Despite the failing performances of Scottish clubs in Europe, this season has been relatively entertaining year in Scottish domestic football. We have witnessed some excellent individual games, for example, Aberdeen’s four-all draw with Celtic, Motherwell and Hibernian sharing a six-each draw, Falkirk and Celtic in a three-each draw and a desperately late injury-time winner for Maurice Edu in a crucially important Old Firm derby.
But something that shone out this season has been the glowing performances of Hamilton Academical and St Johnstone.
Marco and Flaxio Paixao, which ever one is which, I’m not sure
The Accies were promoted to the Scottish Premier League in 2008 and under manager Billy Reid, they finished 9th in the SPL with a mixture of promising youngsters and experienced players. Hamilton have produced a number of excellent youngsters over the past few seasons, James McCarthy, James McArthur and Brian Easton have all played a huge part in their instant SPL success.
This season, Hamilton finished in 7th place on 49 points, which was more points than Hearts who finished 6th on 48 points. A reason why the SPL split is unfair and pointless, but thats for another debate. Hamilton have been out of Scotland’s top flight for nearly 20 years before promotion under Reid but could be on the verge of breaking into the SPL top six.
Generally, the same clubs usually fill those positions with a possible exception every so often and these are usually Hearts, Dundee United, Hibernian, Aberdeen and Motherwell. It is looking increasingly likely that captain James McArthur will move south in the summer which might provide a huge hole in the Hamilton midfield.
However, Reid has proved time and time again with surprising signings and have developed into very fine players. An example of this are the Portuguese twins Marco and Flavio Paixao who found very good form towards the end of the season and Reid will be hoping they can continue this when they might be needed more against stern challenges from the top six clubs.
Jody Morris is an important figure in the Saint’s midfield
Derek McIness, a former Rangers and West Brom midfielder, led St Johnstone into the Scottish Premier League this season after an excellent season with the Perth side in the Irn Bru First Division. Like Hamilton, St Johnstone have recieved many plaudits for their very positive brand of football which actually saw them beat champions Rangers 4-1 at McDiarmid Park.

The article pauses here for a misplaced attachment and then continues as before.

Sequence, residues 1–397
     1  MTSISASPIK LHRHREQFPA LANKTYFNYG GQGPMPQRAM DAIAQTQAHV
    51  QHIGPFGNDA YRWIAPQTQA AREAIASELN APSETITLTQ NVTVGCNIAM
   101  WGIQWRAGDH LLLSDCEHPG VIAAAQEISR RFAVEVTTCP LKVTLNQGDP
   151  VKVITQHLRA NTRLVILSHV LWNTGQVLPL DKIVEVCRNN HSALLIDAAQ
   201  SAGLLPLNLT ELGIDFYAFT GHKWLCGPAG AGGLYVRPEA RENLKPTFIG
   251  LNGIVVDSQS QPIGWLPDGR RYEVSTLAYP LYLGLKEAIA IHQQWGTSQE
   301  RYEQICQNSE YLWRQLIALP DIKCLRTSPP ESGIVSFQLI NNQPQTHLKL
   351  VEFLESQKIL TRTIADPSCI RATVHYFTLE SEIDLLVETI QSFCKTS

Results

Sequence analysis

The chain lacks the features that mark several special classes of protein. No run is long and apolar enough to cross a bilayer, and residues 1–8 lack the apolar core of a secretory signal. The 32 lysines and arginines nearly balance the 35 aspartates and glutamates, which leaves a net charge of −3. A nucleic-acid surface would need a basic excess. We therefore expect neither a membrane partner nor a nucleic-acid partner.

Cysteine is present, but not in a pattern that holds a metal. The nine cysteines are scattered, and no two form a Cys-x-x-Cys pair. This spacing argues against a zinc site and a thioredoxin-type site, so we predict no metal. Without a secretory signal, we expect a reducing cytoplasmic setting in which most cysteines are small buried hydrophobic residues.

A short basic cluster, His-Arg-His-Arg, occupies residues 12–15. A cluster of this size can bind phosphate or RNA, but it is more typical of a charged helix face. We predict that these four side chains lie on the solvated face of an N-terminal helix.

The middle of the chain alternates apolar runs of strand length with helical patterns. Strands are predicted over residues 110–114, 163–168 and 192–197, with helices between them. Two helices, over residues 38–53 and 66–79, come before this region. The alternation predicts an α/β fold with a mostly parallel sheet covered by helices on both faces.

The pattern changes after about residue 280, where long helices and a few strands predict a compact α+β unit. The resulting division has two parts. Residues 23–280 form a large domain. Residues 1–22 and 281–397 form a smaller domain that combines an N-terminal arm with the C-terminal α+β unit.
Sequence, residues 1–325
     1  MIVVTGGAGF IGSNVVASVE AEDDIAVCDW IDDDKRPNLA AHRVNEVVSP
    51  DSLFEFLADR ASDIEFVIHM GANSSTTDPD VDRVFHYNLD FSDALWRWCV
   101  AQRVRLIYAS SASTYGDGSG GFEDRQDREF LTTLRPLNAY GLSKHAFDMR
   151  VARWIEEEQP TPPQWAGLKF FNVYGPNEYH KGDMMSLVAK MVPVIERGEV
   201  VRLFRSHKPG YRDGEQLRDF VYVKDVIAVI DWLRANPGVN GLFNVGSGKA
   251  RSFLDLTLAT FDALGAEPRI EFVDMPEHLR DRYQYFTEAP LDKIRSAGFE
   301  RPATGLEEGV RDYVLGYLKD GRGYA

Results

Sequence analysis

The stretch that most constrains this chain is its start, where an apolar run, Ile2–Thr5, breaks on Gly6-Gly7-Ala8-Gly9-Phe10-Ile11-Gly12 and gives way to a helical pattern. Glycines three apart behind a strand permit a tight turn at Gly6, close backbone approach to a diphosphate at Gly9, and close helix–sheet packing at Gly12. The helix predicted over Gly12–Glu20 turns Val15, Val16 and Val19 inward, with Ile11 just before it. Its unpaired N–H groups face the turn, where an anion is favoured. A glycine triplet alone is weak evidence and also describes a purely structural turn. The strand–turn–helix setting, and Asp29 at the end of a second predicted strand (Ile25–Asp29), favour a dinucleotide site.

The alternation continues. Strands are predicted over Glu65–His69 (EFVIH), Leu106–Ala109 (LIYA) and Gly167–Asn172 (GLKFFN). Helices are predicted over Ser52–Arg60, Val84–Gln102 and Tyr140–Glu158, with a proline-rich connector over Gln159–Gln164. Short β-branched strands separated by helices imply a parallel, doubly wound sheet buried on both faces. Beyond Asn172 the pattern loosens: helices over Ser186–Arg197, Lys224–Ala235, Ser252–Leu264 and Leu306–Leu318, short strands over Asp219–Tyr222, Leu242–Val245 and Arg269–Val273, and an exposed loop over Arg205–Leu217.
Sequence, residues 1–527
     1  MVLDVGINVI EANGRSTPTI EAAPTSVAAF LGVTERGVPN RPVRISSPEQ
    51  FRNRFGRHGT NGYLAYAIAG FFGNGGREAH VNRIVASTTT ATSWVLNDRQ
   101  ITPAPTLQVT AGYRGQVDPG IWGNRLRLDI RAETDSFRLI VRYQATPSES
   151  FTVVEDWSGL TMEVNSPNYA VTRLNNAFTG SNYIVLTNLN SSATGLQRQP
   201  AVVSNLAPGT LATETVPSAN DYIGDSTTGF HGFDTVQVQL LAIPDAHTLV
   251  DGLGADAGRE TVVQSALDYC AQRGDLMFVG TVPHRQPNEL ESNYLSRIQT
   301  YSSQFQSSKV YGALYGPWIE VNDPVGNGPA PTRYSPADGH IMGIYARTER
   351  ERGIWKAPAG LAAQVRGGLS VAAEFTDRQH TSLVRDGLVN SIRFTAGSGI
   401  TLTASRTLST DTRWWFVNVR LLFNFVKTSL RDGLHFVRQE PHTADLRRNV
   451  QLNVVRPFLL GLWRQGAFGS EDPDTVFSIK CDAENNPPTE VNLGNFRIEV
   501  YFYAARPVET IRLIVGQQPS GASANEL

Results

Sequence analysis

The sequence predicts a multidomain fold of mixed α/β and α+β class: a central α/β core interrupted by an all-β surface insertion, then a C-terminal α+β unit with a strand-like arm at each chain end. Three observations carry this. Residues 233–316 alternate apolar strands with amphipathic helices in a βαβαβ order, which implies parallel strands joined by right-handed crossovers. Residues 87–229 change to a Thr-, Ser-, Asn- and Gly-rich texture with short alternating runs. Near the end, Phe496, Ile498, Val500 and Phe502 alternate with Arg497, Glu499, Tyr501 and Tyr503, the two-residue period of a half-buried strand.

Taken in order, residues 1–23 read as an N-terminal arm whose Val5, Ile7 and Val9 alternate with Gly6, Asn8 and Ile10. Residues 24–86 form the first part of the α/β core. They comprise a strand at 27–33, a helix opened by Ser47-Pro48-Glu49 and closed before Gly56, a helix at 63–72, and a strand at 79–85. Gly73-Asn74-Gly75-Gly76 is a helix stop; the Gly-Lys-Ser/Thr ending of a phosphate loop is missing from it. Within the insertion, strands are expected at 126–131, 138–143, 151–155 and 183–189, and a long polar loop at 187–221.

McIness has managed to attract a few players from down-south and the Old Firm with Jody Morris, Michael Duberry and Cillian Sheridan arriving at the newly-promoted club. The Saints finished on 47 points this season and six points ahead of Aberdeen which provided a composed end to the season without the relegation struggles. St Johnstone also reached the semi-finals of the Co-operative Insurance Cup but lost out to eventual winners Rangers at Hampden.
They have had some impressive performers throughout the season, especially midfielder Jody Morris who has shown consistantly that he still has bags of ability for a club of St Johnstone’s stature. Morris, who will turn 32 half-way through next season, provides good cover infront of the back four and impressed with his short passing game and defensive play that has allowed Liam Craig and Murray Davidson to get in on the act from midfield.
It is fresh to see clubs like Hamilton and St Johnstone under two promising and positive managers breaking closer to the top six after the usual finishers have regularly failed to split the Old Firm stranglehold on Scottish Football. Hibernian were looking good odds for that but capitulated in the second half of the season, replaced by Dundee United who excelled under Peter Houston in that time which resulted in a third-place finish and a Scottish Cup triumph.
Whether Hamilton or St Johnstone could do well in Europe is another debate aswell, but it strengthens the point that Scottish Football can see clubs, outside of the regulars, actually playing good football and moving their way up the league.